NBC Channel 10 Boston, recently reported a major gas leak that caused evacuations in Lawrence, Massachusetts, on Friday was started when city contractors checking water valves “inadvertently closed a gas valve” officials said Friday evening.

The leak caused hundreds of people to be evacuated from their homes and two schools early in the morning as authorities and Columbia Gas responded, just over one year after the area was rocked by gas explosions and fires.

The cause of the leak was announced about 6:45 p.m. by the Massachusetts Department of Public Utilities, Columbia Gas and the city of Lawrence in this statement:

Early this morning, while conducting a routine check of water valves in preparation of road paving, contractors working for the City of Lawrence inadvertently closed a gas valve, puncturing an active gas main. Preliminarily, it appears that this gas valve should have been disabled as part of pipeline reconstruction in 2018 and was not compliant with DPU standards. Out of an abundance of caution, Columbia Gas has identified 45 gas valves that the Department of Public Utilities has required Columbia Gas and mutual aid partners to immediately inspect and bring into compliance if necessary. The process of inspecting and remediating these valves, located near surface level of the road, will not require excavating and will be completed by Saturday. Until then, the Department has instructed all municipalities in the Merrimack Valley to suspend all construction and maintenance projects in the affected area until the valves are determined to be safe by the Department of Public Utilities. The Department will continue to closely monitor the restoration effort and Columbia Gas will be required to continue to use mobile leak detection equipment in the form of “sniffer trucks.” The small number of residents who have not yet returned home should expect to return home following completion of testing of the impacted pipeline to ensure safe operation. The Department’s investigation into the incident is ongoing.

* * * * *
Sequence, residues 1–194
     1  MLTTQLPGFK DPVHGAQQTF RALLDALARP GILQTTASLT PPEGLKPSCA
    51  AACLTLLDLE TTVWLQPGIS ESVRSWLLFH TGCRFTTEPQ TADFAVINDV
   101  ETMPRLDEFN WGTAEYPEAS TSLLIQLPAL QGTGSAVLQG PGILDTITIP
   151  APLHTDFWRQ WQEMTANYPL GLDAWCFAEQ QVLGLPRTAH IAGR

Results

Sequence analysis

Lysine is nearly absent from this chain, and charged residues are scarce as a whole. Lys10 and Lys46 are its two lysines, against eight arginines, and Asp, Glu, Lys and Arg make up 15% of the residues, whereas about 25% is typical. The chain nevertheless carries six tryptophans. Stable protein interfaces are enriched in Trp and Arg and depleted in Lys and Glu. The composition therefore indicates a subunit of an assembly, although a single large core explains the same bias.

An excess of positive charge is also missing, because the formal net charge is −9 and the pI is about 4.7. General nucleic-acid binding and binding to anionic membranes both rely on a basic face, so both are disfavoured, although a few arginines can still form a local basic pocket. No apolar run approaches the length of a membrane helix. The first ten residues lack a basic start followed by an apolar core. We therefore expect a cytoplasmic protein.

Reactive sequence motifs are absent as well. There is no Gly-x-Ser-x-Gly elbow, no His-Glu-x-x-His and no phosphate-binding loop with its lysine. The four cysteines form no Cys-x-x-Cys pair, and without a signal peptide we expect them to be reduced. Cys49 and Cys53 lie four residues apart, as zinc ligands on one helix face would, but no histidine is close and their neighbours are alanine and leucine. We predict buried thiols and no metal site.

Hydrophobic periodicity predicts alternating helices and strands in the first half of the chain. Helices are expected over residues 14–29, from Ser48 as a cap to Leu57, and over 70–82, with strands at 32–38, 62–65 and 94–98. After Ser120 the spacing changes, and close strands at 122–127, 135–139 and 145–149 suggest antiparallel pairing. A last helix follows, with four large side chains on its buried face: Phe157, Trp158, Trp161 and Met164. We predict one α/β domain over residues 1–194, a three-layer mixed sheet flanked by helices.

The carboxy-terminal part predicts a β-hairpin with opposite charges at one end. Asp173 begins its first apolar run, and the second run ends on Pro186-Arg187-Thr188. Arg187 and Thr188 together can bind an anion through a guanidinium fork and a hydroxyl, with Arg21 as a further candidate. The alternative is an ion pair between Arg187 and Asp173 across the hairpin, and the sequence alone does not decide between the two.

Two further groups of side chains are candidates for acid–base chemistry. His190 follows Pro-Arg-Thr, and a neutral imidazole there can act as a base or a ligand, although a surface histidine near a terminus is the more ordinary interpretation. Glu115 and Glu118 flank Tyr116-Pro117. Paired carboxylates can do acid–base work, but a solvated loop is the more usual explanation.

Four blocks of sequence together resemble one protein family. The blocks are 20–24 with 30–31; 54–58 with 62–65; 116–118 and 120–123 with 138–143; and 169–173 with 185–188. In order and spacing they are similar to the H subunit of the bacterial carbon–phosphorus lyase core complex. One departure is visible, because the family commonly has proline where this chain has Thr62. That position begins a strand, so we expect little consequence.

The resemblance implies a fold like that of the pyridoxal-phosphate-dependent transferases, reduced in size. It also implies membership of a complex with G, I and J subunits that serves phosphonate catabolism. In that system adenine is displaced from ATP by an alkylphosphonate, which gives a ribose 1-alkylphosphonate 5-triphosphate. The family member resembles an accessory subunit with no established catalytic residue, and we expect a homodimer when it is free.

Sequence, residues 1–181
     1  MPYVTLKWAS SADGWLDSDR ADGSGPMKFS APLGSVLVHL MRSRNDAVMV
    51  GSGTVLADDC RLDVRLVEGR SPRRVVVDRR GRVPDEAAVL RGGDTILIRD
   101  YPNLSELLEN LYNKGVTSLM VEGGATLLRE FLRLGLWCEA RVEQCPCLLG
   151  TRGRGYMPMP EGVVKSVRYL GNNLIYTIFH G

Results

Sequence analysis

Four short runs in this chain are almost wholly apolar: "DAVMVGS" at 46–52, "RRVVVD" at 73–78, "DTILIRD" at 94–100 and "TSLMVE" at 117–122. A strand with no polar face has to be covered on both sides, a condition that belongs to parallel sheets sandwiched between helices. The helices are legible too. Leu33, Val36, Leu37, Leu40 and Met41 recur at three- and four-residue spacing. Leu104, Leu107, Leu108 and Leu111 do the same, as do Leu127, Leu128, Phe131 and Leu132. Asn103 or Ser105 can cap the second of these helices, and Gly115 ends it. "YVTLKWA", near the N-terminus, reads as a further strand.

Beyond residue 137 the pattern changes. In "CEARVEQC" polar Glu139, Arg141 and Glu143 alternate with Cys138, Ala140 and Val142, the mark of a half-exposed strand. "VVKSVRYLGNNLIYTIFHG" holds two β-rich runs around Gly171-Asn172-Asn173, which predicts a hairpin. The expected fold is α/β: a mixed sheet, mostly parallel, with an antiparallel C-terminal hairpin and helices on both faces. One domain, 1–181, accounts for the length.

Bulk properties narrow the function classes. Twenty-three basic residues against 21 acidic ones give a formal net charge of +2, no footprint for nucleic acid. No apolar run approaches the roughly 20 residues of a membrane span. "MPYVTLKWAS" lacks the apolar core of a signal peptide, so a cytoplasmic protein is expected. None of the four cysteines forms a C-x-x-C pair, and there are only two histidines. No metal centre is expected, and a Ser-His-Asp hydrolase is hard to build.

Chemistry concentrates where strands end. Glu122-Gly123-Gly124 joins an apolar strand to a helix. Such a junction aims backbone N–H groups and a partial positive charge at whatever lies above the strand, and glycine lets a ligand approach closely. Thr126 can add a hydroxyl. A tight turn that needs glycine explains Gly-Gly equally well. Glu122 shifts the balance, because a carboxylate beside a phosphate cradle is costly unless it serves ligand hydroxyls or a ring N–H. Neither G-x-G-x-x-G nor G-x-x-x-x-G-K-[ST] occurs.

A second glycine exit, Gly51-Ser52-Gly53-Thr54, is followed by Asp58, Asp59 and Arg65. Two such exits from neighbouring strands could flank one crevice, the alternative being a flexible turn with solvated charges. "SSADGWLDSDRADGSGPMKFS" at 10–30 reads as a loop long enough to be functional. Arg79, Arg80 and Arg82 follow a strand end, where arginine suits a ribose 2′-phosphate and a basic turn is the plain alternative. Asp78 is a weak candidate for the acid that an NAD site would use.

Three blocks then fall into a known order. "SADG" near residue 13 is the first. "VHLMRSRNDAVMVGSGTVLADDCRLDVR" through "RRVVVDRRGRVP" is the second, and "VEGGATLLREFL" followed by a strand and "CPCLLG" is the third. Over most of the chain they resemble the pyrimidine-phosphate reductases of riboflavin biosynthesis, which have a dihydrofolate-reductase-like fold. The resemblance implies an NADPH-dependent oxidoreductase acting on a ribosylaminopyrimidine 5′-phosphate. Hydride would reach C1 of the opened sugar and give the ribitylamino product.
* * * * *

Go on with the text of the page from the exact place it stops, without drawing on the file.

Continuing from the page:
Luckily, no one was hurt, and all residents could return home.

With gas being a prevalent source of heat for many homes, being cognizant of any gas leak can help save property and lives.

Eversource, a regional provider of gas in the New England area, offers a helpful guide in the event of a gas leak – Learn how to recognize the signs of a gas leak, act fast, and be prepared for an emergency.

If you suspect a gas leak, keep yourself safe.

  • See – A white cloud, mist or fog, bubbles in still water, blowing dust, or dead or dying plants.
  • Smell – A distinct rotten egg-like odor.
  • Hear – Unusual hissing, roaring or whistling.

If you do suspect a leak, you should leave the location and call 911